RAK Wildlife Park in upgrade to accommodate influx of dumped animals

RAS AL KHAIMAH // Officials at RAK Wildlife Park are expanding the attraction in the lead-up to a law making it illegal to keep exotic animals as pets. The owners of the park also hope to make it a better environment for its rescue animals but raising the Dh5 million for the two-year renovation work […]

RAS AL KHAIMAH // Officials at RAK Wildlife Park are expanding the attraction in the lead-up to a law making it illegal to keep exotic animals as pets.

The owners of the park also hope to make it a better environment for its rescue animals but raising the Dh5 million for the two-year renovation work is problematic.

Ninety per cent of the centre’s animals – from big cats to primates – are rescued, whether from people’s homes and mistreatment or from the likes of visiting circuses.

Zara Hovelsas, wild animal welfare director for the Middle East Animal Foundation, is assisting with the renovations.

Much needs to be updated, even though the one million square foot centre, first named RAK Zoo, only opened near RAK Airport in 2014. She has had the name changed, from one suggesting cruelty and captivity, to one more reflective of the sanctuary it has provided its diverse array of animals.

“We are expecting a lot of animal dumping as the law comes into place to keep wild animals,” said Ms Hovelsas, though it may be 2018 before the law is fully enacted.

“People are realising now that keeping a lion or tiger in an apartment or even a villa is impossible. Even by eight or nine months, a tiger or lion becomes unruly and it’s impossible to keep them,” she said. “Many are simply discarded when they get too big.”

She also wants to see better labelling of enclosures, as many visitors are confused as to why the animals look in bad shape, unaware of their journey before reaching the sanctuary.

The park is run by Emirati animal lover Jasem Ali, a retired police general, whose “love for nature and for animals” led him to launch the shelter, rescuing some of the many wild animals brought in illegally, raised in farms, homes, kept in pet shops and abandoned.

Ms Hovelsas said: “The two tigers we rescued from the circus visiting the UAE came to us in a very bad condition and we need people to understand the background and that we’ve taken them in as a sanctuary, and that they’re not being mistreated with us.”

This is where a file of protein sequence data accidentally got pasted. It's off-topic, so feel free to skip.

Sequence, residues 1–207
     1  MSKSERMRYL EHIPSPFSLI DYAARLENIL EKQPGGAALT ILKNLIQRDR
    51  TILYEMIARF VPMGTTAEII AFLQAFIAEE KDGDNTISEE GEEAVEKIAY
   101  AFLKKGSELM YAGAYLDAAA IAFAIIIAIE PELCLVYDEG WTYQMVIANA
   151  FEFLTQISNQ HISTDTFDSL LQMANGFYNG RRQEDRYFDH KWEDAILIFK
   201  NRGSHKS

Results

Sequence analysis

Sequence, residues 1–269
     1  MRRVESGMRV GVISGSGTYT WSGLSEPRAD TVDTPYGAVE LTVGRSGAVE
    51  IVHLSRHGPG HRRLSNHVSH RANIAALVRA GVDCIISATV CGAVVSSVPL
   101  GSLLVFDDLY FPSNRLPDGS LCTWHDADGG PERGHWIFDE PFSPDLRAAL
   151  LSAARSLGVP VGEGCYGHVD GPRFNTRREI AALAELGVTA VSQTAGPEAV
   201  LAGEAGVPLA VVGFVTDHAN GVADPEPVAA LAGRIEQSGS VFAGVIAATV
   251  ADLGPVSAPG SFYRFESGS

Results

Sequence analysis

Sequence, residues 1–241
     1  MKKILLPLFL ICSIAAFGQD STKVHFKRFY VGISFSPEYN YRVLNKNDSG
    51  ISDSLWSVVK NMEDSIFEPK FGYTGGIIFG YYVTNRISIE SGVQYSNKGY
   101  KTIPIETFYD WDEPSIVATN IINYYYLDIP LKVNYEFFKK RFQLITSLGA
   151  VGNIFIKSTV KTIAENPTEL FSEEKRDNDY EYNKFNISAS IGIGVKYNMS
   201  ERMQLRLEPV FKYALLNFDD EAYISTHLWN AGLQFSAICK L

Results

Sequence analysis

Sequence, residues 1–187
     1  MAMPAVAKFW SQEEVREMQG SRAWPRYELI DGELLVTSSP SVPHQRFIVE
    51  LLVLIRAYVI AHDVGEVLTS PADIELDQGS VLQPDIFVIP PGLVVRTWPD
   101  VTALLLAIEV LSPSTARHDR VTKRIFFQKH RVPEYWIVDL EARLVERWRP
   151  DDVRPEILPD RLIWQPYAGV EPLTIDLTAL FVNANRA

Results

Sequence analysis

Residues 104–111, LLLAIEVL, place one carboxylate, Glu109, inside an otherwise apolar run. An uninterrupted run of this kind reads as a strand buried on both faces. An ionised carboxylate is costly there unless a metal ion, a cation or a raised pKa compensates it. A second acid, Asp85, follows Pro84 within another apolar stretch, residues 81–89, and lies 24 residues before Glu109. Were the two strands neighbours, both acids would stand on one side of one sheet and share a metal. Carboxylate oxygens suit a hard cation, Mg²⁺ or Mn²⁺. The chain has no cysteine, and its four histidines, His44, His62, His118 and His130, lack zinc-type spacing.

Mr Ali added: “We rescue them to ensure they can continue their lives in an environment that is safe for them.”

The aim is to rehabilitate as many of the animals, which range from snakes to wild dogs, ostriches and crocodiles, as possible, returning them to their natural habitat, but for many, this is impossible. Those reared in captivity are often unable to return to the wild.

“We would really like places like the Dubai Safari Park [which opens later this year] to take some of them,” Ms Hovelsas said.

About 60 per cent of the footfall at the park is tourists and Mr Ali hopes this will grow, even though they have as many as 2,000 visitors a week during the cooler months.

“We’d really like the support of the tourism authority,” he said. “It’s really important to us that people understand what we’re doing here. It’s important for the region to raise this awareness about animals and protecting them.”

Mohamed Loojab, assistant director of tourism standards at the RAK Tourism Development Authority, said it will be some time before the centre will be licensed. “Following a site visit conducted in late 2015, the authority communicated its feedback to the owner of this private venture,” he said.

“This feedback outlined our assessment that the facility did not meet the basic international standards of a zoo or park and, therefore, does not currently meet our official visitor attraction standards.”

However, Mr Loojab added: “We can share detailed guidelines on how to meet the standards the authority requires.”

Funding the project is proving a challenge, as, for now, it is only being funded by Mr Ali, with some support from Sheikha Fatima bint Rashid bin Saeed Al Maktoum.

The renovation project will take two years and Mr Ali said the biggest priority is air conditioning and “ensuring the animals evolve in the right climate”.

mswan@thenational.ae

Source: uae news

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